Sunday, February 21, 2010

Grow Your Own!

Hello all!

I am finally back in action after a glorious trip around Vietnam and Hong Kong - photos will follow as soon as I get my hands on them. (Long story short, my camera died on me early on in the trip so we had to take all food photos on a friend's camera).

While we wait for those posts, I would like to turn everyone's attention to my backyard. What once used to be a lovely flowering garden was re-designed during our renovation into an all-you-can-eat buffet of fruits and vegetables.


A lot of these plants require patience and TLC all year around. We've refused to use any pesticides on our plants to keep them organic, but it wasn't long before we realised just how much work goes into making sure the babies don't get eaten by insects and animals - after all, birds and insects love fruits too.

The longan tree pictured above has taken the longest to grow. It was given to us at a very heavy discount from the nursery due to its poor form (no joke, it actually looked like a dead plant when we first saw it). Mum claimed that she would be able to nurse it back to good health after some time - turns out she was right. It's taken a few years nevertheless, but it felt so good once we saw the fruits starting to grow on the top of the little tree.

Star fruits

Fruit trees often make a great present too. This star fruit tree was a gift to me from my parents years ago and has since bore several ginormous and delicious babies.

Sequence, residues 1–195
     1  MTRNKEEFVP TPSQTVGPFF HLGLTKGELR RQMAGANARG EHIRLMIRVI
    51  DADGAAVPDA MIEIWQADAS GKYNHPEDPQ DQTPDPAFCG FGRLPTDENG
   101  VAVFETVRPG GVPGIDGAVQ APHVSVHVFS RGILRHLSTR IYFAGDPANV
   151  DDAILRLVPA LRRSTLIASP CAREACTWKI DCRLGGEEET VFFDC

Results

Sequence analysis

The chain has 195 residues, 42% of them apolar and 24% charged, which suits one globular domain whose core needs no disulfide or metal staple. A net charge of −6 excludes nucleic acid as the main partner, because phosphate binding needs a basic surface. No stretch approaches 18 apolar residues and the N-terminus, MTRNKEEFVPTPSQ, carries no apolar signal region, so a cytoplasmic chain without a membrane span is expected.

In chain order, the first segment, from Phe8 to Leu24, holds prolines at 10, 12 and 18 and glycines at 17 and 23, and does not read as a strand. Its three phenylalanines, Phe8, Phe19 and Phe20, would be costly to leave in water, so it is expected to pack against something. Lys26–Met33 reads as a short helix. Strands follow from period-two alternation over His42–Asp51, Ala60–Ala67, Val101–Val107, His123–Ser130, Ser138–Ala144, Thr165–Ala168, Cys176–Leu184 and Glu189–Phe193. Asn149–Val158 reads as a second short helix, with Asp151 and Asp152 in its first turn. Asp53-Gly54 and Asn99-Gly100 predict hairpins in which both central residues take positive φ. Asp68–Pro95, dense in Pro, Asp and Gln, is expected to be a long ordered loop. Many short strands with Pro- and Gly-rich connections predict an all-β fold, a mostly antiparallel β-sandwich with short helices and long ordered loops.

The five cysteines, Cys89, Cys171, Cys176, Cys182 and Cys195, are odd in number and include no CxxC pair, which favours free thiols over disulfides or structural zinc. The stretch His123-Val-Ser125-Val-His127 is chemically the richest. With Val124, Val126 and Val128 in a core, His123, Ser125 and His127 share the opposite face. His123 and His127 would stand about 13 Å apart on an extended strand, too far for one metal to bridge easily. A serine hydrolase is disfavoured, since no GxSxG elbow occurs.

This plant started sprouting out of nowhere one day and I had no choice but to ask my mother what on earth it was. The conversation went something like this:

"Mum, what melons are we sprouting here?"
"What melon do you want it to be?"
"Okay well it will sprout wintermelons"

I took these photos about 2 months ago. Turns out my mother was right, yet again. We've now got giant wintermelons for soup, stir-fried wintermelon and wintermelon tea for dinner. Darn that woman.


For some reason everyone in this neighbourhood seems to be popping mangoes out of nowhere. My neighbour has mangoes, my neighbours' neighbour has mangoes, and I have mangoes dropping on my head everytime I walk to the station (no not really, but there's a couple of giant mango trees on the way). Either way I'm not complaining, because come summer time, we grow enough giant mangoes in our very own backyard to make us all happy...unless I decide to make mango desserts, which, is another story altogether.

Fuyu Fruits (Persimmons)

I luuuuuurve fuyu fruits. Although I generally prefer squishy version of persimmons (astringent), throughout high school fuyu fruit became my apple substitute when it came to my almost non-existent lunch box. Let me take this opportunity to explain that I dislike eating apples, especially big ones. Braces may have had something to do with it, I'm not entirely sure. I love apple juice, apple pies and even apple baby food, but I just hate sinking my teeth into the darn fruit.

But I digress. This was the first batch of fuyu fruits from our plant, and unfortunately they ripened while I was still in Vietnam so I missed out on the tasting. I believe there are still a few left on the tree though. Seconds anyone?


The orange tree is a sad little figure in my garden due to its poor positioning. Note to all, when plant fruit trees, the least you can do is to find them a spot that is suitable for plantation, and not just stuff them anywhere you see fit. My orange tree simply doesn't get enough sunlight to grow sufficiently and I doubt even has enough space to grow. Either way we still give it plenty of TLC in hope that one day it will fruit beautifully.